How to Find Autism Resources
Where do you start to find autism resources for your child or yourself? After a diagnosis, you may feel overwhelmed, frightened and have no clue where to begin. Every person on the autism spectrum is unique and so are their needs. The levels and kinds of support they’ll require will vary so there isn’t a “one size fits all” kind of approach.
The good news is that help is out there! With a positive, hopeful attitude and a never-give-up determination, you can find resources and advocate for what you need:
Step 1: Prepare for the search before you start searching
When there’s a problem, we typically jump right in and start searching for solutions before we’ve taken the time to fully identify the problem. Pause. Take a deep breathe. Now, take some time to write down what’s happening or what behaviors you are observing. Add your concerns or fears. At first, just get everything out, then go back and edit it into a one-page concise “needs assessment” document. This will help you focus, get clear on what you are searching for, and help you communicate your needs.
Step 2: Talk to local resources for recommendations
Next, start with any local autism organization and have a conversation. Use your needs assessment document to help you stay on point and focused. Expect that this may be the first of many conversations you’ll need to have in order to find the right resources for you or your child. Try not to get anxious or frustrated by the process. It’s OK to ask for help from a family member or friend.
A good place to start to find local resources is Autism Society of America’s Autism Source Database
Step 3: Find an online supportive community
Find your tribe. There are many online communities that exist to offer support and advice. Before engaging, spend some time reading posts and comments to get a feel for the community. Look for groups that are kind, compassionate, inclusive and positive.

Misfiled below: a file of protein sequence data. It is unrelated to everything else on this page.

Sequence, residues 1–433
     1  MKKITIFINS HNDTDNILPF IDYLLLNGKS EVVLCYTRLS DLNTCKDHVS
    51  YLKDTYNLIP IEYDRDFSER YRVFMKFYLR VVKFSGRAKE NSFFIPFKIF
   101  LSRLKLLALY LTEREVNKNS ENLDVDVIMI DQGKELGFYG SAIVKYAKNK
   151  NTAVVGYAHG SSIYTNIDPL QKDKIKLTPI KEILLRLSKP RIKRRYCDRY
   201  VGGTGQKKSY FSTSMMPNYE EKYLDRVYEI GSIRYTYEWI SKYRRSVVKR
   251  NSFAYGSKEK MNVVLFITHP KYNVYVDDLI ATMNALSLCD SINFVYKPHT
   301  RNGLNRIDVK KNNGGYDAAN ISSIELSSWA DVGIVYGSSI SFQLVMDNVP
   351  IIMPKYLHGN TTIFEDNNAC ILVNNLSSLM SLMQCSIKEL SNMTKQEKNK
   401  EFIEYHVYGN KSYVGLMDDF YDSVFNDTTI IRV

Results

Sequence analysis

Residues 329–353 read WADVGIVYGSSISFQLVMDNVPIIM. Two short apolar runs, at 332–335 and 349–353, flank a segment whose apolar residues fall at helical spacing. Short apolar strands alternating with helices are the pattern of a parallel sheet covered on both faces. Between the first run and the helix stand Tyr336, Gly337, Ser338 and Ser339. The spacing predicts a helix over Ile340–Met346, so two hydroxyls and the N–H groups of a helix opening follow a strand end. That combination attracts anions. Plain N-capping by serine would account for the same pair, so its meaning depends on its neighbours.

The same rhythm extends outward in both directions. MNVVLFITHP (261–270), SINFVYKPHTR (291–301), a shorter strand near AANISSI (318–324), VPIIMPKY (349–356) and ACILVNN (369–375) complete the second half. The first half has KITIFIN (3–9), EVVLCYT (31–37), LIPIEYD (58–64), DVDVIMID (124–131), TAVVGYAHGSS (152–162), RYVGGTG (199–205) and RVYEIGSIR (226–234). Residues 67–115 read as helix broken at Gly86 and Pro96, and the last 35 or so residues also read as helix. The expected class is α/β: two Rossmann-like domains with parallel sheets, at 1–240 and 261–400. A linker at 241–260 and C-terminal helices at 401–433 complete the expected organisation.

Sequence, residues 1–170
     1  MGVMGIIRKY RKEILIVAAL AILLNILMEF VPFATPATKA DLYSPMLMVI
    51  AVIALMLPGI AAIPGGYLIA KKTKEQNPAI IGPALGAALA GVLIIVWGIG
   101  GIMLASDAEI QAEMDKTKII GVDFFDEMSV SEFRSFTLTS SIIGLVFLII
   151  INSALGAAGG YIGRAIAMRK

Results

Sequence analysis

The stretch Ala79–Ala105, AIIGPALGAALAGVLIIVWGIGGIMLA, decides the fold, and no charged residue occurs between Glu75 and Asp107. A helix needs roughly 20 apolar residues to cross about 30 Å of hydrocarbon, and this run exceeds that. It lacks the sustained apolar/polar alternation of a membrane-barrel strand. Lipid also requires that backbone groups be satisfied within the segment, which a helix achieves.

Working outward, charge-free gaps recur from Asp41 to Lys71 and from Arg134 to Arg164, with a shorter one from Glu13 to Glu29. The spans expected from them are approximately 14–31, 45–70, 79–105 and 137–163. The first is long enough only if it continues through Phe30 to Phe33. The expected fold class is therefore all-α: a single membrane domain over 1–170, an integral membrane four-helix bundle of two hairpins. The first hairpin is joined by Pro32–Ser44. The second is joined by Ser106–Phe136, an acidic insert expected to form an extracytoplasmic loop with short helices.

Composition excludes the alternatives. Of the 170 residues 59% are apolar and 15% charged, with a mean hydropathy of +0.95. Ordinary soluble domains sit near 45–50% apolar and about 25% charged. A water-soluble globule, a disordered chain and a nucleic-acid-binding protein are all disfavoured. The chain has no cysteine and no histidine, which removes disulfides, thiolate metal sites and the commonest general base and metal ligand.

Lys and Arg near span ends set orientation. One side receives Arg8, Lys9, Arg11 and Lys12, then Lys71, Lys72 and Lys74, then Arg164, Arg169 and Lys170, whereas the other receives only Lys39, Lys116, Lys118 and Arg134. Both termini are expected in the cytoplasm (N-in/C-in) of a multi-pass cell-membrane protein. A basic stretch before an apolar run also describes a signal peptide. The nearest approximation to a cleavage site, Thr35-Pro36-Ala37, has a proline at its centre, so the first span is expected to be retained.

Here are online sources we value:
- Get advice and feedback from autistic individuals on Twitter by using the hashtag #AskingAutistics
- Follow the hashtag #ActuallyAutistic on Twitter
- Our Autistic team of writers on our blog and in our magazine are some of the best at communicating personal experiences and advice about life on the autism spectrum.
- The Autistic Self-Advocacy Network (ASAN) and the AWN Network have valuable resources for autistic rights and advocacy.
- The Mighty has online communities you can join for free to ask questions and share resources. We recommend following their autistic contributors.
- Autistic Inclusive Meets Community Group (AIM) on Facebook
Step 4: Create your personal go-to list of web resources
Find good web resources that provide new, relevant content on a regular basis. Read their blogs and subscribe to their newsletters so you can stay on top of what’s happening in the autism community.
Our website at Geek Club Books is a platform for autistic voices, positive autism advocacy and education, and sharing autism resources we think you’ll want to know about. Here are some of the topics we cover and questions we explore:
- What is Autism?
- What is Autism Awareness?
- Autism Myths
- Autism Glossary
- Autistic or Person with Autism?
- Books by Autistic Authors
- Speech and Language
- Autism Business Ideas
- Autistic Self-Care
- Zoom Autism Magazine – Autism through many lenses
Get access to our autism resources−guides, digital comics, educational tools